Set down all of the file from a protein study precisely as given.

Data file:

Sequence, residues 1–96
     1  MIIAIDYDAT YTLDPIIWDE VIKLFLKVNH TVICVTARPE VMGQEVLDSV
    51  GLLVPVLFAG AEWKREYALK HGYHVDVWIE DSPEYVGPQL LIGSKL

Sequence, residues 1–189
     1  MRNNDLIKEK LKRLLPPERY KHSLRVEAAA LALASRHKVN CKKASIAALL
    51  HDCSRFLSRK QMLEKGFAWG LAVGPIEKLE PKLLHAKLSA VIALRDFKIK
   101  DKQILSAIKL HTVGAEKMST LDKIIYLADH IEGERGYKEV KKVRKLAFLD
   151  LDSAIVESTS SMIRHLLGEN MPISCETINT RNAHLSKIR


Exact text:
Sequence, residues 1–96
     1  MIIAIDYDAT YTLDPIIWDE VIKLFLKVNH TVICVTARPE VMGQEVLDSV
    51  GLLVPVLFAG AEWKREYALK HGYHVDVWIE DSPEYVGPQL LIGSKL

Sequence, residues 1–189
     1  MRNNDLIKEK LKRLLPPERY KHSLRVEAAA LALASRHKVN CKKASIAALL
    51  HDCSRFLSRK QMLEKGFAWG LAVGPIEKLE PKLLHAKLSA VIALRDFKIK
   101  DKQILSAIKL HTVGAEKMST LDKIIYLADH IEGERGYKEV KKVRKLAFLD
   151  LDSAIVESTS SMIRHLLGEN MPISCETINT RNAHLSKIR